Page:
If you are trying to compete in competitive niches you need original content that’s not found on other pages in the exact same form on your site, and THIS IS EVEN MORE IMPORTANT WHEN THAT CONTENT IS FOUND ON OTHER PAGES ON OTHER WEBSITES.
Google isn’t under any obligation to rank your version of content – in the end it depends who’s site has got the most domain authority or most links coming to the page.
Don’t unnecessarily compete with these dupe pages by always rewriting your content if you think the content will appear on other sites (especially if you are not the first to ‘break it’, if it’s news).
A Dupe Content Strategy?
There are strategies where this will still work, in the short term. Opportunities are reserved for long tail serps where the top ten results page is already crammed full of low quality results and the SERPS are shabby – certainly not a strategy for competitive terms.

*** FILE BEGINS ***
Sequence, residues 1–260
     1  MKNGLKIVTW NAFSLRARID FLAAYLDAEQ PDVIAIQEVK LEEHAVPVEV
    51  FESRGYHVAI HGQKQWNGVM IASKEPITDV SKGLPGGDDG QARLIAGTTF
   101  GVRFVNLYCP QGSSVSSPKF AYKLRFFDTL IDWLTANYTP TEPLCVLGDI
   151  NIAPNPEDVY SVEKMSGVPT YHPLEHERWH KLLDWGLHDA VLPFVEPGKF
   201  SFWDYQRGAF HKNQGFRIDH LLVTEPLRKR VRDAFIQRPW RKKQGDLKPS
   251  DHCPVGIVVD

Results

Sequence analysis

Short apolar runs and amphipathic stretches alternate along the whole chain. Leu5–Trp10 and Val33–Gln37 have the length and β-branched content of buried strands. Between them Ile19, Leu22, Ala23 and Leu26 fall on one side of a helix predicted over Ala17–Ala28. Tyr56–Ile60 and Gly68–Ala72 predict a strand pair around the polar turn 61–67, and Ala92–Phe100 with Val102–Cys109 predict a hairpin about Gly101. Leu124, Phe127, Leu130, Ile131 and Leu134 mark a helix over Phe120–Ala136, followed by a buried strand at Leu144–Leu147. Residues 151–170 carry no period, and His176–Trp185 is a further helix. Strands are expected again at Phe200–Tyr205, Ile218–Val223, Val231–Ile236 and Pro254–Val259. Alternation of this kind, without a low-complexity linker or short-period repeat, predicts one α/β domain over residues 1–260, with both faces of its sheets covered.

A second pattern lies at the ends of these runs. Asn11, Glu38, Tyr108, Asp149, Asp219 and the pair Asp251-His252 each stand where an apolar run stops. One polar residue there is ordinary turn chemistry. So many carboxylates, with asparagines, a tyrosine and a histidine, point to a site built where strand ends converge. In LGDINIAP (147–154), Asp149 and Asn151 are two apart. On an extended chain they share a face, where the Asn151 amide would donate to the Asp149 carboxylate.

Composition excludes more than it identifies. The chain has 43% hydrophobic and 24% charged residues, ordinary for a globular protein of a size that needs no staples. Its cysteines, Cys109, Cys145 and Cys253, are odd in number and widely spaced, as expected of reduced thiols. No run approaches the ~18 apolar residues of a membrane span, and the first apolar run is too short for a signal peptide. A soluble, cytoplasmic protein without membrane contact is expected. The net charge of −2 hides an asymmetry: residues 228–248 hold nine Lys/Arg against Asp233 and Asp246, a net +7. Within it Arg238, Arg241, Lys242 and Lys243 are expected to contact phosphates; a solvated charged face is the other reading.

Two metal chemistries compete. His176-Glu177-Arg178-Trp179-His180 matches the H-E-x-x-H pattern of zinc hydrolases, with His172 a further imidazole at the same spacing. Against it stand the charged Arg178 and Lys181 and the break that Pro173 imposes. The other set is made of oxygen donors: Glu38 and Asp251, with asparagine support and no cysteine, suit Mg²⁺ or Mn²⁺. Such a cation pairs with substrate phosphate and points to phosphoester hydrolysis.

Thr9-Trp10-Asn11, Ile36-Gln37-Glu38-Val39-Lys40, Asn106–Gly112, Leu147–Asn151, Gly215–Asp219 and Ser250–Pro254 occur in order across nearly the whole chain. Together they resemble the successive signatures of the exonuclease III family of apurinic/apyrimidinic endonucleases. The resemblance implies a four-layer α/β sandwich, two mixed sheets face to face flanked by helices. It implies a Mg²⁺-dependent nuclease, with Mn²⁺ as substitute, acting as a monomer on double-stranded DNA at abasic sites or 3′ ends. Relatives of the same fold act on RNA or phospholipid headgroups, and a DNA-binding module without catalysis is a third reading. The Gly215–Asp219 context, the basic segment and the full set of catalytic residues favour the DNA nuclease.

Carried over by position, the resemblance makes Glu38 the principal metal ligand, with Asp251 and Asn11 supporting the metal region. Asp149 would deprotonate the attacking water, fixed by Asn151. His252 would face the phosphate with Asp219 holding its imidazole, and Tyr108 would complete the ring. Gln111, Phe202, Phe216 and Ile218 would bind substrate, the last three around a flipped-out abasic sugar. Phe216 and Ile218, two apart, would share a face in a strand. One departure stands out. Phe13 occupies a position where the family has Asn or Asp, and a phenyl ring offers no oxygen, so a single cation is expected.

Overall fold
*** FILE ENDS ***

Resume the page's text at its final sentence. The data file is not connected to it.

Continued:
There’s not a lot of traffic in long tail results unless you do it en-mass and that could invite further site quality issues, but sometimes it’s worth exploring if using very similar content with geographic modifiers (for instance) on a site with some domain authority has opportunity. Very similar content can be useful across TLDs too. A bit spammy, but if the top ten results are already a bit spammy…
If low quality pages are performing well in the top ten of an existing long tail SERP – then it’s worth exploring – I’ve used it in the past, but I am not keen on it today. I always thought if it improves user experience and is better than whats there in those long tail searches at present, who’s complaining? Unfortunately that’s not exactly best practice seo in 2014, and I’d be nervous creating any type of low quality pages on your site these days.